From Communication to Coherence: Leading Change

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From Communication to Coherence: Leading Change

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Title: From Communication to Coherence: Leading Change
Author: Hay, David A.
Citation: Hay, David A. 2017. From Communication to Coherence: Leading Change. Doctoral dissertation, Harvard Graduate School of Education.
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Abstract: This capstone chronicles the task of internal communication in service of coherence making as part of a comprehensive change underway within the New York City Department of Education. School district leaders everywhere face the difficult task of building and maintaining the focus and energy of their employees in spite of myriad external distractions. Inevitably, change means disrupting the existing status quo, necessitating the need to reach a new state of equilibrium, or coherence. This process is called coherence making. Working in the most complex school system in America, the author examines strategies for coherence making. The author explores ways in which a leader can create opportunities for employees to engage in coherence making.

Charged with advancing the vision summarized by the slogan “Equity and Excellence for All,” the author explores ways in which leaders might engage stakeholders in the sense-making necessary to achieve coherence. Within the framework of the capstone, equity means providing children in every part of the city with uniformly high expectations alongside the unique supports and resources necessary for each child to achieve those expectations. Under this definition, equity is not the same as equality, and access alone is insufficient.

To assist in the process of coherence making, valuable data about how employees perceive the organizational vision and how individual work aligns to the vision was obtained by conducting a series of employee town halls, targeted messaging, and additional engagement opportunities. The tactics employed during the project put into practice communications strategies aimed at connecting employees to the vision at the emotional as well as the intellectual level.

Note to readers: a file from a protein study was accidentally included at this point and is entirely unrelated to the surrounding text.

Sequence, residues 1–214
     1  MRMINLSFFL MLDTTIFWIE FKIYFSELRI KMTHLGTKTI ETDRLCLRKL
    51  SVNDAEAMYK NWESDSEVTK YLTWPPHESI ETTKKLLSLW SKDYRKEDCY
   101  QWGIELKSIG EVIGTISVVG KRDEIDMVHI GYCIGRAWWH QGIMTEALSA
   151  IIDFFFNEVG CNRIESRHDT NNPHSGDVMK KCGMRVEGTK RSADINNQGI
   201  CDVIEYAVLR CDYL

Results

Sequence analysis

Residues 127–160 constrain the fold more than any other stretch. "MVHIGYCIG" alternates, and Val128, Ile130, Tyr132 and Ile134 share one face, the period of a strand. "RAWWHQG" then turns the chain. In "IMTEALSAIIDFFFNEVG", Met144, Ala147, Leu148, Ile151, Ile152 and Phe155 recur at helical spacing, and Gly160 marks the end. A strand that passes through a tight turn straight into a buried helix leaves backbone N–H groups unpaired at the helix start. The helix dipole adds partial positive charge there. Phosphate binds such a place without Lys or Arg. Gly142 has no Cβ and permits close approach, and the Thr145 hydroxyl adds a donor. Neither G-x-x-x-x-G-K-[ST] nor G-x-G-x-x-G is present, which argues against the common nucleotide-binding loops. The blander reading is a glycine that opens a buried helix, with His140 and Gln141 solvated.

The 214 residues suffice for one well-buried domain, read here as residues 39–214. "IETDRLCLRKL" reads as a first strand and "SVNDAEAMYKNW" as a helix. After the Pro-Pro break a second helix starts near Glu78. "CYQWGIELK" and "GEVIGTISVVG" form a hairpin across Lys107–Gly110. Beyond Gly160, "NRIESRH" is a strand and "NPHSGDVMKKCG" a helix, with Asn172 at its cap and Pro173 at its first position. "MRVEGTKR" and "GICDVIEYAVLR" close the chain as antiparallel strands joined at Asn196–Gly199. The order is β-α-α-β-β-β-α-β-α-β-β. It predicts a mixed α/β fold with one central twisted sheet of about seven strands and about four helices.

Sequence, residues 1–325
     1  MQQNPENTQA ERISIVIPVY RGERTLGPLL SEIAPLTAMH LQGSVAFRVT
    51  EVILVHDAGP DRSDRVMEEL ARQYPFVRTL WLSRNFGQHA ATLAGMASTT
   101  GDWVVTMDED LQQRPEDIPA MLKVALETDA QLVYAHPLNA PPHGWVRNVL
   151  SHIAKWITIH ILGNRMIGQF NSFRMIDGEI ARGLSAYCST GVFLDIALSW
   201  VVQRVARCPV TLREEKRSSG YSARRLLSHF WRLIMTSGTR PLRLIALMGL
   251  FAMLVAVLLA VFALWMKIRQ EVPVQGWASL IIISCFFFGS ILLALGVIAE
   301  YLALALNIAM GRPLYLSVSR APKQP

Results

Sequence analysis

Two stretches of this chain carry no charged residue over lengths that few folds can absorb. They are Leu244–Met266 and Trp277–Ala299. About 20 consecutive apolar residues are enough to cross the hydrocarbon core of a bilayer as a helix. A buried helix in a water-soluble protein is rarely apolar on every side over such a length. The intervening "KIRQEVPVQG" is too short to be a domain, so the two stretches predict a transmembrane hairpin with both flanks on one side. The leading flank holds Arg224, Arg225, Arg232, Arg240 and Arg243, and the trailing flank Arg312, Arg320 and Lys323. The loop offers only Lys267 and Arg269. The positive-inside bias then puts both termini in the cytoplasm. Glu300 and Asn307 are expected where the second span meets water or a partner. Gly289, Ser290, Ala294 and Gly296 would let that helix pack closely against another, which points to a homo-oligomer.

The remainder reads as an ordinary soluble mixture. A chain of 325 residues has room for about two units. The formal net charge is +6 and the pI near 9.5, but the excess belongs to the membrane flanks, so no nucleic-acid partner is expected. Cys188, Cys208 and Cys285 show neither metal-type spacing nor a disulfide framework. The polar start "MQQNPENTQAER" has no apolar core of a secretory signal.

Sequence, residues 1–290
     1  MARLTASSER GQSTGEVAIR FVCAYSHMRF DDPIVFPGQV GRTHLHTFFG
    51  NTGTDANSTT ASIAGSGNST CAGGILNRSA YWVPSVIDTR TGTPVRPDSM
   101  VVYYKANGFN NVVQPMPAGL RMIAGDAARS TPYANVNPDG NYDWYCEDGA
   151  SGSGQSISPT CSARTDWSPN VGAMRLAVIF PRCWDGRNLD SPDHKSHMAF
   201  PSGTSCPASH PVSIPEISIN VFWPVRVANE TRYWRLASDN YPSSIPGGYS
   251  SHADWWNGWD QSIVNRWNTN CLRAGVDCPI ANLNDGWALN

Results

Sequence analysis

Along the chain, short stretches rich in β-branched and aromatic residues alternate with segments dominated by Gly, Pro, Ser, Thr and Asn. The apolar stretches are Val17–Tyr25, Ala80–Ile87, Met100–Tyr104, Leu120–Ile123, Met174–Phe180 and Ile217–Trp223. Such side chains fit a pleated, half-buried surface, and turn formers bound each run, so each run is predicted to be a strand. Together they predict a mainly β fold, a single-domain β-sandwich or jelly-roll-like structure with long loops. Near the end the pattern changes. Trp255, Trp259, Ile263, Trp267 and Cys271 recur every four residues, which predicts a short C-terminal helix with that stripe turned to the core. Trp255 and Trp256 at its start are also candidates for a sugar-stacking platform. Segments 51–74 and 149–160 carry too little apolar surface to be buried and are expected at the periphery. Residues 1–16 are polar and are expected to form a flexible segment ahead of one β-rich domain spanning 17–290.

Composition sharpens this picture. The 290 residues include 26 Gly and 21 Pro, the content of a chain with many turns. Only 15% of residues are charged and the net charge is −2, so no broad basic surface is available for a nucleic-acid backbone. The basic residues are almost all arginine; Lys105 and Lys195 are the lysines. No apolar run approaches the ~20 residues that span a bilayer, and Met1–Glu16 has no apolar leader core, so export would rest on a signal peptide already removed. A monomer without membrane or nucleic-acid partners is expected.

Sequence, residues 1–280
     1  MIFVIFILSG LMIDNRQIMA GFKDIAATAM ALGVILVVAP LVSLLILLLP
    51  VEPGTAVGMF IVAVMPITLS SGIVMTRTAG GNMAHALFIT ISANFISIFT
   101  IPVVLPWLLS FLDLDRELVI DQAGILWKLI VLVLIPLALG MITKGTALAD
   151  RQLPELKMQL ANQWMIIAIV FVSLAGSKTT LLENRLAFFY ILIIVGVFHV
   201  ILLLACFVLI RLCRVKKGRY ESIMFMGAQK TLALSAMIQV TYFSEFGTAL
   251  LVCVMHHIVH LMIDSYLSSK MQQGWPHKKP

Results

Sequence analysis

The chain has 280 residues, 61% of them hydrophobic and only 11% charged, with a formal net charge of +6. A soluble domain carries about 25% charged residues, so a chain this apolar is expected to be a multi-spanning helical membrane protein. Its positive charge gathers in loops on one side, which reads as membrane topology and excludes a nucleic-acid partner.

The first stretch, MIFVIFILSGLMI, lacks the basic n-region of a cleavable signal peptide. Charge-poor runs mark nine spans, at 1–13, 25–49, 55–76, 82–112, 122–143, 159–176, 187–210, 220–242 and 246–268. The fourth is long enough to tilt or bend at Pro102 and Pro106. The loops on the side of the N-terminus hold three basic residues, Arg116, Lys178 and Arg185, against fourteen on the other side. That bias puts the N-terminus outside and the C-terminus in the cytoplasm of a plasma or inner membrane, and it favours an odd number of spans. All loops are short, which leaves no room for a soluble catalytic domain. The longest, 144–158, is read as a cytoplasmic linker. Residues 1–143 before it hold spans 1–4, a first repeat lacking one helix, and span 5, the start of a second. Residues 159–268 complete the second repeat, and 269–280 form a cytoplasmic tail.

The author outlines several leadership challenges and lessons learned. Leadership lessons include (1) building trust by becoming known, (2) viewing leadership as reciprocal, rather than transactional, (3) creating opportunities for stakeholders to create coherence, (4) investing in additional leaders, (5) dedicating time to leadership priorities, (6) tailoring messages to the local context, (7) developing champions for the work, (8) making strategic planning part of the work, (9) normalizing incoherence as a natural part of the change process, and (10) engaging people in cooperative problem solving, rather than solution execution.
Terms of Use: This article is made available under the terms and conditions applicable to Other Posted Material, as set forth at http://nrs.harvard.edu/urn-3:HUL.InstRepos:dash.current.terms-of-use#LAA
Citable link to this page: http://nrs.harvard.edu/urn-3:HUL.InstRepos:33774658
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